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#2 baavgai   User is offline

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Re: How do I write this imperative code in a functional style?

Posted 02 November 2018 - 07:56 AM

There's simply not enough here to get rolling...

Still, what the hell: challenge accepted.

First some, scaffolding
public abstract class Foo {
    public interface Response {
        int TicketID { get; }
    }
    public interface TicketDb {
        Ticket Get(int ticketId);
        void Save(Ticket ticket);
    }
    public interface Ticket {
        int ID { get; }
        int a1 { get; set; }
        string a2 { get; set; }
    }
    int Question1ID { get; }
    int Question2ID { get; }
    public abstract int FindIntAnswer(Response r, int id);
    public abstract string FindStringAnswer(Response r, int id);
    protected abstract string LogDebug(string msg);
    protected abstract string Log(string msg);

    void Bar(IEnumerable<Response> responses, TicketDb ticketDatabase) {
        foreach (var r in responses) {
            var ticket = ticketDatabase.Get(r.TicketID);
            string errors = "";
            if (ticket != null) {
                try {
                    ticket.a1 = FindIntAnswer(r, Question1ID);
                } catch (Exception ex) {
                    errors += "Q1: " + ex.Message;
                }
                try {
                    ticket.a2 = FindStringAnswer(r, Question2ID);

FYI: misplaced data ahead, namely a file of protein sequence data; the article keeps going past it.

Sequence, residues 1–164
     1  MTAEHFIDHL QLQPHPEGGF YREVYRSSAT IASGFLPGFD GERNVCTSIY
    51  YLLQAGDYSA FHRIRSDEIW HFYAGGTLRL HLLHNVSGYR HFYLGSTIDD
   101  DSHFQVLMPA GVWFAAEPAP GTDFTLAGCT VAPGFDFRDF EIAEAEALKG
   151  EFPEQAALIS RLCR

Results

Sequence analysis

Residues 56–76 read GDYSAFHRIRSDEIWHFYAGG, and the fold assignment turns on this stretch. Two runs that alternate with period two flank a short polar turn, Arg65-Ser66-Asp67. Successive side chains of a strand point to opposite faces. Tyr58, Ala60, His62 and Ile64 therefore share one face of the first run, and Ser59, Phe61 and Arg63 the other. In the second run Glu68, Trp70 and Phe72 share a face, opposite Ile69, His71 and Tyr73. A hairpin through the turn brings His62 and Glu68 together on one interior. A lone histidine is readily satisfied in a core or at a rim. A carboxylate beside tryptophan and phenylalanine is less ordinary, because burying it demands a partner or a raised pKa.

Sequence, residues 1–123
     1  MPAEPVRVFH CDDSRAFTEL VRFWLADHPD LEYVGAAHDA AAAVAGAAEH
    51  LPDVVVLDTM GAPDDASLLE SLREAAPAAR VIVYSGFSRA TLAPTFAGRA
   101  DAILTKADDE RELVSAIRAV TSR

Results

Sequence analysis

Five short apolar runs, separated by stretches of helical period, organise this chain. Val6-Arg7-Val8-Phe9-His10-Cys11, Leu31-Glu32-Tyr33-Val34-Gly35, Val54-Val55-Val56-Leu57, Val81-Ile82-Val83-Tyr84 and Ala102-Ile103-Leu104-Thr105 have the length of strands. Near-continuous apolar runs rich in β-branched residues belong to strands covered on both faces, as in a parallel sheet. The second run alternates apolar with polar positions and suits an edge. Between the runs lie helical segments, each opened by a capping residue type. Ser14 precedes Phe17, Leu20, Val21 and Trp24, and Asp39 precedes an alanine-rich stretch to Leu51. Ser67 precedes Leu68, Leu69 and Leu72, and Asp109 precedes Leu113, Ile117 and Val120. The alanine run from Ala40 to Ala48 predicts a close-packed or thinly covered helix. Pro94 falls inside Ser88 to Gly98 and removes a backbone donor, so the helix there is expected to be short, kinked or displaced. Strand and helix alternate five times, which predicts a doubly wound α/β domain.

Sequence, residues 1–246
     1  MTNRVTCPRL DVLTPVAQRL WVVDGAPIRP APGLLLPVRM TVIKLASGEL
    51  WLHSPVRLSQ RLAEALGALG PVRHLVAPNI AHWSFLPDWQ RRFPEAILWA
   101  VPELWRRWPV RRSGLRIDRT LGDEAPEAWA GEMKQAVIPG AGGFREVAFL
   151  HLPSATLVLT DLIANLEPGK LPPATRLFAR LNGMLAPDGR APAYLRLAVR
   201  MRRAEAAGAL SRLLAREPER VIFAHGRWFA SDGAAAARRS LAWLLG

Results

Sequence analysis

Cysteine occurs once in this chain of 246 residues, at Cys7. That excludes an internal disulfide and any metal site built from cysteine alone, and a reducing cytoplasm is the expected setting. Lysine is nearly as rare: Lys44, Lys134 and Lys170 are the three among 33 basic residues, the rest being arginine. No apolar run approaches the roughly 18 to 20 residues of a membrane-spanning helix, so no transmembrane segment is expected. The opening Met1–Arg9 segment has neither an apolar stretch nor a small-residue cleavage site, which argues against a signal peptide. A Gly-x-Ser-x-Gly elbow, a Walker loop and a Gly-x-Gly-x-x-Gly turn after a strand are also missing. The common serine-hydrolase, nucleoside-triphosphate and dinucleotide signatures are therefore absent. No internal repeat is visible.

} catch (Exception ex) {
                    errors += "Q2: " + ex.Message;
                }
                // Repeat for every question...
                if (errors != "") {
                    LogDebug("Errors for ticket " + ticket.ID + " - " + errors);
                }
                ticketDatabase.Save(ticket);
            } else {
                errors = "Ticket " + ticket.ID + " not found";
            }
            Log(errors);
        }
    }
}



Within that context, something a little more functiony might look like:
    void Baz(IEnumerable<Response> responses, TicketDb ticketDatabase) {
        Log(string.Join("\n", responses.Select(r => ProcessTicket(r, ticketDatabase.Get(r.TicketID))).Where(x => x != null)));

        IEnumerable<Func<Ticket, string>> GetQuestions(Response r) {
            yield return WrapError("Q1", (ticket) => ticket.a1 = FindIntAnswer(r, Question1ID));
            yield return WrapError("Q2", (ticket) => ticket.a2 = FindStringAnswer(r, Question2ID));
            // Repeat for every question...
        }

        Func<Ticket, string> WrapError(string questionName, Action<Ticket> call) {
            return (ticket) => {
                try {
                    call(ticket);
                    return null;
                } catch (Exception ex) {